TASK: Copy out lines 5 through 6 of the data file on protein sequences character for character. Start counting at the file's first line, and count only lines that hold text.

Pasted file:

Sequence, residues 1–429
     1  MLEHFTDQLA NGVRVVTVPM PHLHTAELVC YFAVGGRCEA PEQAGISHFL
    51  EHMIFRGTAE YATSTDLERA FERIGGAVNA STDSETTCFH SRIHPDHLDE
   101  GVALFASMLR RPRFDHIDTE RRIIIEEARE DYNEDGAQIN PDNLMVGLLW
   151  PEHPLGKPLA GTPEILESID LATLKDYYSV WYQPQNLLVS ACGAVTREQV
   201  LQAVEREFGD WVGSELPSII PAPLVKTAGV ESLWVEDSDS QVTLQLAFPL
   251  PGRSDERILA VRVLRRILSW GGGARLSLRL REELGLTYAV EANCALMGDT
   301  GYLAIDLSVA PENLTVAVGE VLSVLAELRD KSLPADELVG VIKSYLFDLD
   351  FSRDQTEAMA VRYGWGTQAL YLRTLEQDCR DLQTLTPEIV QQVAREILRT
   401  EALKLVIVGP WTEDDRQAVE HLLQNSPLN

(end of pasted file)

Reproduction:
   151  PEHPLGKPLA GTPEILESID LATLKDYYSV WYQPQNLLVS ACGAVTREQV
   201  LQAVEREFGD WVGSELPSII PAPLVKTAGV ESLWVEDSDS QVTLQLAFPL